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  (Source: OLED Lab)
The set does not have 4K display technology

A curved TV is not for everyone, but two top South Korean electronics conglomerates are betting some customers will shell out a whole lot of cash for a glorified tech demo of the potential of OLED (organic light emitting diodes).

I. Samsung Strikes Back

You may recall that in OLED's infancy, one key selling point bandied about was the ability to make flexible displays.  But most early OLED panels were rigid traditional form factors -- either acting as device displays or as small television sets.

Both Samsung Electronics Comp., Ltd. (KSC:005930) and LG Electronics, Inc. (KSC:066570)  -- the first and second place display sellers worldwide, according to Display Search's March 2013 numbers -- are racing to ramp up production of large OLED TVs and they're offering up early product in a unique curved form factor.

Samsung's unit (the KN55S9C) was late to the game, finally shipping this week.  Customers can order the set from Samsung.com, which is advisable as some resellers are reportedly tacking on thousands to the price.
Samsung curved OLED
Samsung's curved OLED is finally shipping, at a competitive price point.

However, compared to LG's entrant -- which began shipping in limited quantities in May -- the Samsung set is a "bargain".  A 55-inch OLED panel retails for $8,999.99 USD.  By contrast the 55-inch LG set (EA9800) was priced at $14,999.99 USD when it finally hit U.S. retailers such as Best Buy Comp., Inc. (BBYin July, having first shipped in limited quantities in South Korea.

“Better than expected yields" allowed Samsung to undercut LG.  But is there more to the $6,000 USD price disparity?

II. LG Set is Pricier, but Technologically Superior

There is indeed.  The LG set is thinner -- 4.3 mm compared to a "bulky" 12.5 mm for the Samsung set.  It's also lighter.  Samsung's set weighs 32.8 kg (72.3 lb) versus 17.2 kg (37.9 lb) for the LG set.  The LG set's thin and light form factors comes thanks to carbon-fiber body design, but that technology also bumps the unit's price.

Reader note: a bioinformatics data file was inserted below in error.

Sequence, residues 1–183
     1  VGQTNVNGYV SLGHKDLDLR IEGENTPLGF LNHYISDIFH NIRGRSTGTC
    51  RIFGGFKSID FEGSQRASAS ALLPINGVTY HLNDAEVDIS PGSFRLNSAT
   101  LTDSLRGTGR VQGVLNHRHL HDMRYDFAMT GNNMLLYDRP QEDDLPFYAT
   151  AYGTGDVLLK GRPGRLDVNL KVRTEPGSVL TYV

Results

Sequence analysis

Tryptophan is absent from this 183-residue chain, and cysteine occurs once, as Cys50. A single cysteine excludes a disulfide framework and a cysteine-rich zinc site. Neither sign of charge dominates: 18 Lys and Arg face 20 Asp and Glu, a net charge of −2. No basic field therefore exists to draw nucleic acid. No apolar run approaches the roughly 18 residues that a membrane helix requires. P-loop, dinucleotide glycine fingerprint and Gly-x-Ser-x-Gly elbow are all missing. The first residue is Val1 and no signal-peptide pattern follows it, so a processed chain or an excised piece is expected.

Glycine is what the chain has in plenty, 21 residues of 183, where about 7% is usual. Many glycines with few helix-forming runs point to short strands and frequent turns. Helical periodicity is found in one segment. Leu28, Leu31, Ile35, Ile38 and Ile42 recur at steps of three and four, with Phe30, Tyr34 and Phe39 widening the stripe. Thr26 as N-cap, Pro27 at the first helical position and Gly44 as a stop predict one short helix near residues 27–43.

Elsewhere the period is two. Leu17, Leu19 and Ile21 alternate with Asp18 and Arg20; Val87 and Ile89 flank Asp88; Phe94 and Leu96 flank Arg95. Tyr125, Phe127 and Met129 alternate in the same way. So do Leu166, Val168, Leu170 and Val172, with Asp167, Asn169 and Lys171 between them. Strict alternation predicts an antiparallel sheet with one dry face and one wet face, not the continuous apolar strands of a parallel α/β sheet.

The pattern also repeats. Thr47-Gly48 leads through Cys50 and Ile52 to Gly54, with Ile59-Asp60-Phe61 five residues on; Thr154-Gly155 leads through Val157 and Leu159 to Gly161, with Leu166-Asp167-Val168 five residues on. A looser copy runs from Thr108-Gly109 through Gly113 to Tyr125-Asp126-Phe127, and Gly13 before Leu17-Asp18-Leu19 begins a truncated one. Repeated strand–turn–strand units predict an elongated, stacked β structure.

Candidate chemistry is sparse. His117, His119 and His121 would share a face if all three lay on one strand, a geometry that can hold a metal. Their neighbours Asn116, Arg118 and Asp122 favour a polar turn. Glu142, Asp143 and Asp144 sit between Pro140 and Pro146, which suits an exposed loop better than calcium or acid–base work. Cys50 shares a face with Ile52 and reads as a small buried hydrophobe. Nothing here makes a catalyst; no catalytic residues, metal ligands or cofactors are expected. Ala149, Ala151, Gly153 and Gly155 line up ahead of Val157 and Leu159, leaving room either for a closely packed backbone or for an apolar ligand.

LG's set is thinner, lighter, uses less power, and has less parts.

The disparity doesn't stop there. The LG set also boasts a lower TDP (265 watts vs. 295 watts for the Samsung).  The LG set also is reportedly a much more optimized design [source] with only about a third as many parts, which could spell trouble for Samsung given its past issues with component failures.  About the only win for Samsung is that its display is slightly more sharply curved (4,500R compared to 5,000R). 

However, the Samsung set does boast "SmartTV" technology, including a quad-core ARM processor and eye-aware interaction.

Both OLED panels promise vivid colors and brightness, on top of the unique gimmick of the curved shape.  A major letdown, though, is the lack of 4K display technology in both units -- the latest in high resolution video/content, which roughly quadruples the screen resolution of the 1920x1080 pixel resolution found in the curved units.

U.S. customers are finally getting their first taste of big-screen OLED and curved display technology, which is also expected to hit the smartphone market as early as this holiday season.  The only thing that remains to be seen is whether customers pay substantially (67%) more for the better set (the LG EA9800) or go with the cheaper, but less endowed options (the KN55S9C).

A final note is that the LG unit's prices have trickled down to $13,500 USD in South Korea, and may soon dip to those levels in the U.S. as well.  That's just one more factor to consider if you're contemplating this very pricey purchase.

Source: The Verge



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RE: 4K is stupid in a TV
By Reclaimer77 on 8/13/2013 6:07:59 PM , Rating: 2
quote:
Many of those movies are upsampled from pre-4K and even pre-HD days. If the movie was not shot in 4K or HD, there nothing much you can do about it, even if you upsample it to 8K. Case in point: Ghostbusters (1984) in 4K, LOL.


Wow I'm kinda embarrassed for you that you posted this. 35mm film can resolve about 4K of horizontal resolution, in most cases. Even movies made decades long ago can have astonishing transfers to today's standards of HD.

Pre HD? Movies have been shot in "HD" before HD was even a consumer thing.


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